The Stuxnet buzz continued this week, Adobe took a few steps toward better security and Microsoft announced plans for its largest Patch Tuesday ever. But it wasn’t just Microsoft, Adobe and everyone’s favorite worm grabbing headlines. Read on for the full week in review.
Not going away anytime soon; Stuxnet continued to pervade the news this week. On Monday, an editorial took a step back and examined the story so far, looking at the roots of the attack and potential targets. While the virus’ alleged ties to Iran and Israel have certainly been well publicized, that’s only one potentially valid explanation for it.
After all, on Tuesday we discovered Iran is no longer the virus’ hot spot – a title that now belongs to India and some parts of Indonesia. That’s what a slice of data released by Kaspersky Lab’s September report suggests. Regardless, the debate on the worm’s intended target will continue to rage on, it seems.
As a new month began, details came late this week on Microsoft’s impending Patch Tuesday. The batch of patches, scheduled for release on Oct. 12, will be the company’s largest, with 16 bulletins addressing 49 security vulnerabilities. Four of the 16 vulnerabilities are rated critical, the company’s highest severity rating.
The start of October also meant it was time for Adobe’s quarterly patch update. In the huge update, 23 vulnerabilities were patched on Tuesday, a full week earlier than they’d originally planned. The update fixed previously critical issues in Reader and Acrobat, some which had been exploited for up to two months.
The software company also produced some good news on Wednesday by divulging new details about their upcoming version of Reader, its sandboxing feature called Protected Mode. Initially announced back in July, Protected Mode was described by Adobe’s Kyle Randolph as being able to lessen the effect of bugs in the application.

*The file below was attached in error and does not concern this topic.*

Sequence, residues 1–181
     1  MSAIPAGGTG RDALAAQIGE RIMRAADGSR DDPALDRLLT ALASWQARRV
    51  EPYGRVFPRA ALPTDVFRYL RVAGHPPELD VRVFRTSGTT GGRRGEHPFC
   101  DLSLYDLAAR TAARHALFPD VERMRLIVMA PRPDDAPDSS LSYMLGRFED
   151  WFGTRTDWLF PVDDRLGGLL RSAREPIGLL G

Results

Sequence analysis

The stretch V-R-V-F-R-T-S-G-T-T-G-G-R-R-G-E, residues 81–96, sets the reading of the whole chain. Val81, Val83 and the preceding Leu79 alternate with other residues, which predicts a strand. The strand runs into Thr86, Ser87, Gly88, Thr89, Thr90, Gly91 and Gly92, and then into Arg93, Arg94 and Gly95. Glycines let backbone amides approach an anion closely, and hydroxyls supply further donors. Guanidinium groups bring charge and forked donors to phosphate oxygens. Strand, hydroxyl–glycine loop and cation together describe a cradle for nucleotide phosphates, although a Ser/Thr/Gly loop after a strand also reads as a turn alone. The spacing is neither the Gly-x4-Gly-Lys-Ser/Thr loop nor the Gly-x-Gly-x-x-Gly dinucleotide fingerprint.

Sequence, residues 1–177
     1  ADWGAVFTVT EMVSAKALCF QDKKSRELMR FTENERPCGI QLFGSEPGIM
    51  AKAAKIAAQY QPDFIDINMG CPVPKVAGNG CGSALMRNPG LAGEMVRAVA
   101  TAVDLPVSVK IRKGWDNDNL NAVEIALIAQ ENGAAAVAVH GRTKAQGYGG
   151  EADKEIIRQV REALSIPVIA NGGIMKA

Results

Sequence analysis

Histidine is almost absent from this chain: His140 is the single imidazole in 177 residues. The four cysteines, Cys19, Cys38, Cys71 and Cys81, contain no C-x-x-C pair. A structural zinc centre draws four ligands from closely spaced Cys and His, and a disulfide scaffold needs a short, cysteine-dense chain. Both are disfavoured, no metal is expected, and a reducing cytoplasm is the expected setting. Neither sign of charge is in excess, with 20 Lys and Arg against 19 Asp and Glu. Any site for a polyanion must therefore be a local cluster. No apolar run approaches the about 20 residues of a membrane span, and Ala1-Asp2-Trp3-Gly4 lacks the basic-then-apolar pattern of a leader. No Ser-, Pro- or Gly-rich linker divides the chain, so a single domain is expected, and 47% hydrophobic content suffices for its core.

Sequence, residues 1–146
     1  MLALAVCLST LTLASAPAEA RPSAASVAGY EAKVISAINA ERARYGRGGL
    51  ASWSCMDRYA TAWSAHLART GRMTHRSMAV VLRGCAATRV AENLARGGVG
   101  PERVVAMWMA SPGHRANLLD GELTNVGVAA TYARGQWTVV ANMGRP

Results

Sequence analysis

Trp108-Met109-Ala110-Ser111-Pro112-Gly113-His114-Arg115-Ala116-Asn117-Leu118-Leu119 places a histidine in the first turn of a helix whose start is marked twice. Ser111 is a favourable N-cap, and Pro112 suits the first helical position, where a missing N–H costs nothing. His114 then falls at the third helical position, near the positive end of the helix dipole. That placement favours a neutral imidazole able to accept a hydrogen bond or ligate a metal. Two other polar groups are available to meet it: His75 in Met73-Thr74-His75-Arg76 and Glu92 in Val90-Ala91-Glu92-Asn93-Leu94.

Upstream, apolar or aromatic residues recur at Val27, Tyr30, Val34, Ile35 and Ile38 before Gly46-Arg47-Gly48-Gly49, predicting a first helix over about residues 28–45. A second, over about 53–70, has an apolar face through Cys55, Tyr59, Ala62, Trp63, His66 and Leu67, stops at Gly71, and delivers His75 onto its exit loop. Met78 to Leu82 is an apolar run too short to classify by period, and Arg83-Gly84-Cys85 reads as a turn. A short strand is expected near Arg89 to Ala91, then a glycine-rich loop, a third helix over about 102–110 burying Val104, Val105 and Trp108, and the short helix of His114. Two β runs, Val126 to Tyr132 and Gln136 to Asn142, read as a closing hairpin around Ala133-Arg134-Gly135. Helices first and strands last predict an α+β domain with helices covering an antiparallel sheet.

Microsoft floated a new security proposal this week, outlining a plan wherein computers would all receive “health certificates” in order to access the Internet. Almost like a public health model for security, the idea is meant to prevent infected PCs from spreading malware and becoming parts of botnets by stopping infected machines from accessing the Internet.
There were also stories this week that touched on keeping your e-mail safe, particularly if you use Google’s tremendously popular Gmail. In a guest column early this week, Caleb Sima of Armorize gave some hints on how to keep your Gmail secure. As changing the password doesn’t always work – Sima also recommended paying attention to filters, password recovery settings and rogue applications.
As the week wound down, Google, which has been fighting an uphill battle lately, released a checklist of their own in hopes of keeping users safe. Google lays out 18 steps that users can take to help lock down their Gmail accounts, ranging from changing passwords frequently to using the forced-SSL option to checking for outdated or insecure browser add-ons and plug-ins.
What caught your interest this week?